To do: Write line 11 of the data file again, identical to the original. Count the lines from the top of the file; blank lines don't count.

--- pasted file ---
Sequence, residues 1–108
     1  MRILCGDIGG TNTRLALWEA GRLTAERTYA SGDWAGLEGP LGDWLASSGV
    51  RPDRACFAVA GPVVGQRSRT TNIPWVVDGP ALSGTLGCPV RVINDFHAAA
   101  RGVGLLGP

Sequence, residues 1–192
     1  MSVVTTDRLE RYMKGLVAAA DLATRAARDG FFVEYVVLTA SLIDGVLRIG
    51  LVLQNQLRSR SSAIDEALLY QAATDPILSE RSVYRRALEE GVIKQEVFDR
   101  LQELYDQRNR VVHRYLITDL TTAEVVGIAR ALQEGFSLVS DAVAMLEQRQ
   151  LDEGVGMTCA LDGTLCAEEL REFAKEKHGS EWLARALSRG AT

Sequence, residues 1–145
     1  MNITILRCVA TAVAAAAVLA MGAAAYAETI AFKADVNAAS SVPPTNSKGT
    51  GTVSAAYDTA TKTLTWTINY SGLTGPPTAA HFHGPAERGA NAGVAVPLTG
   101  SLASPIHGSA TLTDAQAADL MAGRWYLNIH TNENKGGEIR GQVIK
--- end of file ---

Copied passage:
     1  MNITILRCVA TAVAAAAVLA MGAAAYAETI AFKADVNAAS SVPPTNSKGT